In a rare behind-the-scenes disclosure (due to a lawsuit), the public is seeing for one of the first times the degree and depth some pharmaceutical companies will go to in order to publish positive results about their drug. Using the same peer-review process that is supposed to prevent abuses by researchers and drug companies and provide other professionals (and the public) with objective data. And the same peer-review process that is used by the U.S. Food and Drug Administration (FDA) to approve medications as safe and effective.
CL Psych provides us with a further analysis of Paxil study 329, one where apparently the researchers went to great lengths to find efficacy. Why the re-examination of this study?
Because another study was just published in the International Jouranl of Risk and Safety in Medicine. The new study examined the internal documents, full dataset and drafts that were released related to a lawsuit against the makers of Paxil. The damning findings from the new study?
5.1. Were the results for study 329 positive or negative?
There was no significant efficacy difference between paroxetine and placebo on the two primary outcomes or six secondary outcomes in the original protocol. At least 19 additional outcomes were tested. Study 329 was positive on 4 of 27 known outcomes (15%). There was a significantly higher rate of SAEs with paroxetine than with placebo. Consequently, study 329 was negative for efficacy and positive for harm.
5.2. Did selective reporting occur?
Claims that paroxetine was “generally well tolerated and effective” arose from selective reporting of the 15% of outcomes that were positive and selective under reporting of the other efficacy and SAE findings. The JAACAP paper has been defended on the grounds that readers could read in the results table that the two outcomes described as primary elsewhere (but not in that table) were negative.
However readers are more likely to be influenced by the abstract than the tables of a clinical trial report, as evidenced by the continued retransmitting of the false impression that study 329 found “significant efficacy on one of the two primary endpoints”. A likely cause of this misunderstanding is the conflation of ‘remission’ and ‘responder’ and especially the false statement that “paroxetine separated statistically from placebo at end point among 4 of the parameters: [including] response (i.e. primary outcome measure) . . .”.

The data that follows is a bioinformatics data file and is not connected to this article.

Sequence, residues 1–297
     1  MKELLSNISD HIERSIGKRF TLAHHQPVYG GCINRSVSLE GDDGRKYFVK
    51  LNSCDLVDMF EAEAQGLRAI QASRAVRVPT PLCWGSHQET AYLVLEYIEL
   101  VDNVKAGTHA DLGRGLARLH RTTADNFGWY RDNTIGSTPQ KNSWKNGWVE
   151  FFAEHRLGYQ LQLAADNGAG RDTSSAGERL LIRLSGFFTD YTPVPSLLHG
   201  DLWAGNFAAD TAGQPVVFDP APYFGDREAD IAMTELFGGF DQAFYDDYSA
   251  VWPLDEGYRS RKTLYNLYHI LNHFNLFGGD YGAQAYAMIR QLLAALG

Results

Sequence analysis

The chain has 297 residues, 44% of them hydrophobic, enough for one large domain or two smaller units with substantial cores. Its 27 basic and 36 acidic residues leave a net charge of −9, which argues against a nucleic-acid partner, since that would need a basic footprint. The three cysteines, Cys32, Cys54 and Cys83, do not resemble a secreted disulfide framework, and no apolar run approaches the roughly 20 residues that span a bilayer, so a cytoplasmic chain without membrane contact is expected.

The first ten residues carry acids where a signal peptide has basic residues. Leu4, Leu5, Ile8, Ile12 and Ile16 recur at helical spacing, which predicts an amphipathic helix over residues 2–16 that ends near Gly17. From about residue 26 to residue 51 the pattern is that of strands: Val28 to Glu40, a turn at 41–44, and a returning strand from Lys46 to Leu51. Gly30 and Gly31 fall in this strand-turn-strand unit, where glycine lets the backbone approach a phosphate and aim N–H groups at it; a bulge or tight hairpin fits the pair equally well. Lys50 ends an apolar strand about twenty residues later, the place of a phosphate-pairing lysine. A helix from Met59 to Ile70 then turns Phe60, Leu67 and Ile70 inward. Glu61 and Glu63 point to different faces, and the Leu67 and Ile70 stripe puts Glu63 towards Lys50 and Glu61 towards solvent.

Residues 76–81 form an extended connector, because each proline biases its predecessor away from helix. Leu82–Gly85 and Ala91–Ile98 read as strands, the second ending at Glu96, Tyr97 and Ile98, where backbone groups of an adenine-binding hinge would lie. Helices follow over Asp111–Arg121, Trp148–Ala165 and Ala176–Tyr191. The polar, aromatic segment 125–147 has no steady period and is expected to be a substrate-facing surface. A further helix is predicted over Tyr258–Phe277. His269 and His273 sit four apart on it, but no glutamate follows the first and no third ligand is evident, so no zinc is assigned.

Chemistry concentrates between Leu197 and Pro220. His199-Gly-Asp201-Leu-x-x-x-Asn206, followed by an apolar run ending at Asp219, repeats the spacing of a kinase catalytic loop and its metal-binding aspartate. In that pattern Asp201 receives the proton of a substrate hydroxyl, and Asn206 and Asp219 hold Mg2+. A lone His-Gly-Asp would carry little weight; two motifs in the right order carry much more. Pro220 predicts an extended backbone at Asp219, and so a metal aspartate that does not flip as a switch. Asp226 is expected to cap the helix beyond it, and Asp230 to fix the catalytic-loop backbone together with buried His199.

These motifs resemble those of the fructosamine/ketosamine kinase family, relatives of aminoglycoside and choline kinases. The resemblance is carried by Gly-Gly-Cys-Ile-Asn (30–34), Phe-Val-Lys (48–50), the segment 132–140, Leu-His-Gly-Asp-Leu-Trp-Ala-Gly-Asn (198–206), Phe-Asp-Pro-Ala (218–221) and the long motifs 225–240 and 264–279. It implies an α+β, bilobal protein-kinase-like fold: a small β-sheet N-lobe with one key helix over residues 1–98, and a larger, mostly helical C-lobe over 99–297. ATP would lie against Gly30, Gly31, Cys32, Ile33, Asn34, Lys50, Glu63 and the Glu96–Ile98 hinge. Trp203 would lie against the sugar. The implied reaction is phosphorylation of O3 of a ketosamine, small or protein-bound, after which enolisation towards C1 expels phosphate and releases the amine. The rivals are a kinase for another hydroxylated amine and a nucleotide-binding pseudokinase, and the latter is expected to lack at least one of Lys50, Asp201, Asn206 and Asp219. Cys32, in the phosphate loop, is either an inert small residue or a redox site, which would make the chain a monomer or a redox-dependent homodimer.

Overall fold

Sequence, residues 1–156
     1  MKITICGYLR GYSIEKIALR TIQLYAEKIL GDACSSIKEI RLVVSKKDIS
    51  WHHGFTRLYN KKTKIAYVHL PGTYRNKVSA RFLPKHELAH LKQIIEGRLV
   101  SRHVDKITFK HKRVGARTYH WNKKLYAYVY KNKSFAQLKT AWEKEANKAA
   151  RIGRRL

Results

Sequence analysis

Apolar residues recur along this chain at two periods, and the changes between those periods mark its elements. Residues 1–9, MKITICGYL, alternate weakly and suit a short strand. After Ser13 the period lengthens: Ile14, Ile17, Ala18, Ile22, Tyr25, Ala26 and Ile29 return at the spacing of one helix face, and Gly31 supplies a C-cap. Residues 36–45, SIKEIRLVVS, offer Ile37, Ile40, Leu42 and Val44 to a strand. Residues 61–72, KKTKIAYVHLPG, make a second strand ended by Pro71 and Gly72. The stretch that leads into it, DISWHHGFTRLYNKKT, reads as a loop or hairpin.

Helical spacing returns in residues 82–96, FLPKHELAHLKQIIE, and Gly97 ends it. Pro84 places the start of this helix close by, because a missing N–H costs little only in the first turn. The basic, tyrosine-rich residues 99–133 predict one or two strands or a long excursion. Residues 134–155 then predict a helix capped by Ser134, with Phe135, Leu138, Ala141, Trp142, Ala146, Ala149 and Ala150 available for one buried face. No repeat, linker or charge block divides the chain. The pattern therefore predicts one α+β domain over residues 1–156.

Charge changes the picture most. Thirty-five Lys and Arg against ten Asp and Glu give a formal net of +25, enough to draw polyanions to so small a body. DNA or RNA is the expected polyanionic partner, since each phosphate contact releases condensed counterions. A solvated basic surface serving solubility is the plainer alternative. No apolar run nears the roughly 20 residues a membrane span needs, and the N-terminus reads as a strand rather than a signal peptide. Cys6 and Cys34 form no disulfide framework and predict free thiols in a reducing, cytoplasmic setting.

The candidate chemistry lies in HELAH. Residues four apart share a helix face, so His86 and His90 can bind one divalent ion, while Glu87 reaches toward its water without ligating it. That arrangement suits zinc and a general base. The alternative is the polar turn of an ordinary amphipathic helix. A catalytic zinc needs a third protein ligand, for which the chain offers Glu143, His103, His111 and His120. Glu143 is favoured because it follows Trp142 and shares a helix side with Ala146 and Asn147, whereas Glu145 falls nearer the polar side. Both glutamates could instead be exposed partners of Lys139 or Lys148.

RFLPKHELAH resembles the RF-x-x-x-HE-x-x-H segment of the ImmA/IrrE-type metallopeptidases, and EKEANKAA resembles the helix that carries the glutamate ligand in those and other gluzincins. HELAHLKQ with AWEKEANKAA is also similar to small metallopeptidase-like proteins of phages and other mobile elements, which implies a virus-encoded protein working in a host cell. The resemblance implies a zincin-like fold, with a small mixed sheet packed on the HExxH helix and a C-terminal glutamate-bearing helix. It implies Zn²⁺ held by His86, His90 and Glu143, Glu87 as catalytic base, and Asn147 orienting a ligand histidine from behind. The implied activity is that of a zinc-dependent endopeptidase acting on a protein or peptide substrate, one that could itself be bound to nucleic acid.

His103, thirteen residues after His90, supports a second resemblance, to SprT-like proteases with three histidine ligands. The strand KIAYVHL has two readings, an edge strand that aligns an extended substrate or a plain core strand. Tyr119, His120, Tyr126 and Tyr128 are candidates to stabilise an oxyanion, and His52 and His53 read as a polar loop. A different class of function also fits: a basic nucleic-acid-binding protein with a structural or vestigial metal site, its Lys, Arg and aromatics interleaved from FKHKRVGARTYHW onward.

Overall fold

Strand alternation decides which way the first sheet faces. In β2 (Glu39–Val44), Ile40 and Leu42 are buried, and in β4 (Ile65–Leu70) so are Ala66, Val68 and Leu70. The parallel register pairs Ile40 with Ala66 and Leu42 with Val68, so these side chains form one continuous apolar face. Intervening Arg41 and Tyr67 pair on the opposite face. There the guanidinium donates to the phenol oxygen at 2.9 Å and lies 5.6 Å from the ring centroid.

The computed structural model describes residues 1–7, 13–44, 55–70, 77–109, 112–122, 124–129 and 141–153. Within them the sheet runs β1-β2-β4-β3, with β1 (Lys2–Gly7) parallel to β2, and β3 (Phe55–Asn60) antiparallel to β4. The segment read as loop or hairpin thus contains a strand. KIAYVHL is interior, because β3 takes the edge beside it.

In other words, the researchers carefully picked over the data to present only the data in the published study that were most favorable to the drug that paid for the study — Paxil. This pretty much shows the major, gaping hole in the peer-review process — that journals can only ask questions about what they’re told about. If researchers conceal the true design of a study (or negative data), then journals will get a biased picture. And then happily publish such a picture completely oblivious to the truth.
Another surprising finding was that the study wasn’t written by the authors listed. It was ghostwritten by someone with a master’s degree. You need look no further than the first draft to see the proof of this. I don’t know whether this is standard operating procedure for studies of this size, but you’d expect such authorship would be noted as it is in traditional publishing.
You can read all about the picking apart of Study 329 over at Healthy Skepticism. The scary thing is that nobody knows how widespread these kinds of biases are in the published research. This is one study out of thousands of similar peer-reviewed, published studies. Could other published studies suffer from similar problems? And if so, to what degree is the published literature tainted by these kinds of underhanded methods?
We may never know.